“Well, John Edward,” Chess replied, shrugging his broad shoulders, “before you have a full on premonition, let’s see what the F.I.T.E. folks and Naomi say, alright?”

“I’m glad you’re taking all of this seriously,” Martin bantered with playful sarcasm. He then nodded his head towards a narrow side street that led to the Season District. “Let’s get going. I don’t want us to be late.”

Without hesitation, Martin and Chess headed towards the street belonging to the area known for streets named after seasons—Summer Street, Spring Boulevard, Winter Pass Avenue and so on. Most of the District—hell, nearly the entire District — was a bit chaotic years ago before the Neighborhood Improvement Act of 2027 made enough initiatives to attract the well-to-do and young university students with Kerouacian visions of city life.

The F.I.T.E. House was tucked away in one of the semi-improved working class neighborhoods on Summer Street and Martin had told StepChild01 that they’d be there by six-thirty at the latest. Martin and Chess trailed past Autumn Way, leaving behind the menagerie of renovated shops and street musicians with electronic tip jars.

They turned right on the corner of Autumn Way and Fall Road before crossing the narrow brick street to get to the alleyway leading to Summer Street. As they approached the alleyway, Martin noticed that segments of Fall Road were soundless and empty. Some of the homes were either being renovated or were boarded up, leaving the area devoid of life.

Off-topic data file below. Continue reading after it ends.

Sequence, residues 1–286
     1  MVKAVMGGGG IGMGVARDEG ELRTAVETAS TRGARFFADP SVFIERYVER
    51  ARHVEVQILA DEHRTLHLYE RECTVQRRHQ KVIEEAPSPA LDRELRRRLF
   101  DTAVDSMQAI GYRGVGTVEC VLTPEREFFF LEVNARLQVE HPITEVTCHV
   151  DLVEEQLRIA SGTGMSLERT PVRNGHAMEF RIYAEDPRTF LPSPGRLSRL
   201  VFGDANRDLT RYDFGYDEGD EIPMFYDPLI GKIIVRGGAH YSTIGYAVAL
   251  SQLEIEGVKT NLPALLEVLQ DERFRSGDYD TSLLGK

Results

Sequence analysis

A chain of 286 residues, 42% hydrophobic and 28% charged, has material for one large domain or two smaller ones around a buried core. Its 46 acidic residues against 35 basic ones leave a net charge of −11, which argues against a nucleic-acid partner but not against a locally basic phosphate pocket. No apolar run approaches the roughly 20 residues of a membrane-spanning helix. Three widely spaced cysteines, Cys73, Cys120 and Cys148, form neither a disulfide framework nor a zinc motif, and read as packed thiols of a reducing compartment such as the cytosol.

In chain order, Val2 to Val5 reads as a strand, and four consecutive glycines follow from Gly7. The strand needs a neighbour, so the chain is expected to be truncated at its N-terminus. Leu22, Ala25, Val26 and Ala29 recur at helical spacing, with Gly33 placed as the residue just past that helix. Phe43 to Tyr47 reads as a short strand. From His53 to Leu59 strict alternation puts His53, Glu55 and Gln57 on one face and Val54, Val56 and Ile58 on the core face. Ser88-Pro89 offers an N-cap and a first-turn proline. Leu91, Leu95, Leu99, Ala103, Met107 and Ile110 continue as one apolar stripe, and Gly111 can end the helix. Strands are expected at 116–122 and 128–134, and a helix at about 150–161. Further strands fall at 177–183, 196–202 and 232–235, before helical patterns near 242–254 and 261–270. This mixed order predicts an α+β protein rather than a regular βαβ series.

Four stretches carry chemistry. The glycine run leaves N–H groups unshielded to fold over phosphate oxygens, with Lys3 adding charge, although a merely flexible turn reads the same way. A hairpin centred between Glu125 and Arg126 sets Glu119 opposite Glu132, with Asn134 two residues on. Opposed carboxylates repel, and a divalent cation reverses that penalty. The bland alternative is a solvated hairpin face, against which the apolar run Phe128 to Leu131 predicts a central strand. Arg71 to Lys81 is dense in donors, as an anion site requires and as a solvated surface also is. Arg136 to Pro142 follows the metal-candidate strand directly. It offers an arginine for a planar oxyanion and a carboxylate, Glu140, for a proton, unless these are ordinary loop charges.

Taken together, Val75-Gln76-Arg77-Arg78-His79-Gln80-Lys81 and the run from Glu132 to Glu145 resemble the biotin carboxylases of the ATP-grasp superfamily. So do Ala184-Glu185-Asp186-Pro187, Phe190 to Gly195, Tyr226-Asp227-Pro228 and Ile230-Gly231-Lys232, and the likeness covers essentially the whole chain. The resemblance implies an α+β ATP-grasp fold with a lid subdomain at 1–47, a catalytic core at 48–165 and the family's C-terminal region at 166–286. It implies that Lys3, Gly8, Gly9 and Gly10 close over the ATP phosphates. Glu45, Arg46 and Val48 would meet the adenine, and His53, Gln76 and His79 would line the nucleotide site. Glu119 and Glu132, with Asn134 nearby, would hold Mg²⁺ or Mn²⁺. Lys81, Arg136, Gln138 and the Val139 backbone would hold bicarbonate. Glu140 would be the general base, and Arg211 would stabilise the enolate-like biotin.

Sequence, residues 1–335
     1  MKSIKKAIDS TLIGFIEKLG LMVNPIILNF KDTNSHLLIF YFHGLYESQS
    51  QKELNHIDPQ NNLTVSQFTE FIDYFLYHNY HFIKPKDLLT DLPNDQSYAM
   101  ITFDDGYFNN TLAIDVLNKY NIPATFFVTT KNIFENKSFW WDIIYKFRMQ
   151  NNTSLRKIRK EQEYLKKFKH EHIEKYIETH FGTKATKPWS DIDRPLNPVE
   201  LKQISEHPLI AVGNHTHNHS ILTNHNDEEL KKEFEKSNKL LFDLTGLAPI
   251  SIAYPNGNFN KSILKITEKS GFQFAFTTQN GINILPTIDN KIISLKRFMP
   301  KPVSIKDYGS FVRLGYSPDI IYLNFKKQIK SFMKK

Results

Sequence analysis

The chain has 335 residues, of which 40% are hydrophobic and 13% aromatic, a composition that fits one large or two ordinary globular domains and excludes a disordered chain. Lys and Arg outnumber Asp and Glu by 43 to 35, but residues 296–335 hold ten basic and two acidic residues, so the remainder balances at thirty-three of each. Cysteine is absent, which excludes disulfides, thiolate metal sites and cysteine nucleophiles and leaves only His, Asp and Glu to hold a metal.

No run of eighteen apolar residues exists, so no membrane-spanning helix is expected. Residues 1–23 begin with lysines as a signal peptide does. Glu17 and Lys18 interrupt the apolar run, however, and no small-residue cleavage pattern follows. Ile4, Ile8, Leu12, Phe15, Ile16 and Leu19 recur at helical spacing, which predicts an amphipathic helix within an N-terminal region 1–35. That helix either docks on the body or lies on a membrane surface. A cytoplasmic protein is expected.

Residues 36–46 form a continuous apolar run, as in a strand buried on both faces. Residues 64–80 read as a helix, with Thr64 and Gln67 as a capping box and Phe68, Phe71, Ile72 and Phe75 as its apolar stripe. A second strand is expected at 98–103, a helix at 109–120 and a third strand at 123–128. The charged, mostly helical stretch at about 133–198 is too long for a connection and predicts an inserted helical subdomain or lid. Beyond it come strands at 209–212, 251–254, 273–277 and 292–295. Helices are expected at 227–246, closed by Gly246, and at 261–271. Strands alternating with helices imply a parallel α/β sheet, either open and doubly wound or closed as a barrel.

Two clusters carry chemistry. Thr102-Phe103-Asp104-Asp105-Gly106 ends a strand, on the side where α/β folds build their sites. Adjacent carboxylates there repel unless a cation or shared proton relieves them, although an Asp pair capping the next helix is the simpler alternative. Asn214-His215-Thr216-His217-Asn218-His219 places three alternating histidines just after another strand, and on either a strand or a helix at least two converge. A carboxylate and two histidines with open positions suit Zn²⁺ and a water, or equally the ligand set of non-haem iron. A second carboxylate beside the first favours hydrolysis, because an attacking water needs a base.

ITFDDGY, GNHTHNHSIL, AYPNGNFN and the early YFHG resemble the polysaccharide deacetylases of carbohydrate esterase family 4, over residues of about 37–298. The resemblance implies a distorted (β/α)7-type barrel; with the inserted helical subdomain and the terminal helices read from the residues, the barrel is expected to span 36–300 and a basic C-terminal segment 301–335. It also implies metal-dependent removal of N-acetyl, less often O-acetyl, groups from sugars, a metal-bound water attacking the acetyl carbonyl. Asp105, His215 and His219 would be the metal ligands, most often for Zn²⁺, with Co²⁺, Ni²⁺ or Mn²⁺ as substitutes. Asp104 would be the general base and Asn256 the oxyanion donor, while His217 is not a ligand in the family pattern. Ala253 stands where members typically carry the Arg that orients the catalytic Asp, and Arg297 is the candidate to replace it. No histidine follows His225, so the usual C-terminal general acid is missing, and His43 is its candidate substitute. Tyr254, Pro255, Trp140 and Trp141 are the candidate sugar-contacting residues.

The security cameras didn’t exactly ease his encroaching anxiety—especially after the Green Street Riot that took place in Lambeth. What began as a peaceful protest about workers’ rights eventually turned into a night of disorder when the SWAT team arrived. Martin read about the toppled cop cars and how demonstrators protected themselves from clouds of tear gas that the officers unlawfully sprayed at them.

In response, the government decided it was a brilliant idea to install security cameras throughout South London. Within two years, cameras were perched at every traffic light in the area—the Season District in particular. The initiative was so successful that cameras soon began showing up in Martin’s part of London, recording him and others throughout the day.

According to the media, they were installed to alert the proper authorities of any future discord and ensure the protection of the public. But others believed that the cameras were used to eavesdrop on demonstrators, to monitor them so when the former marched into the city, the cops could counteract by provoking an unnecessary riot.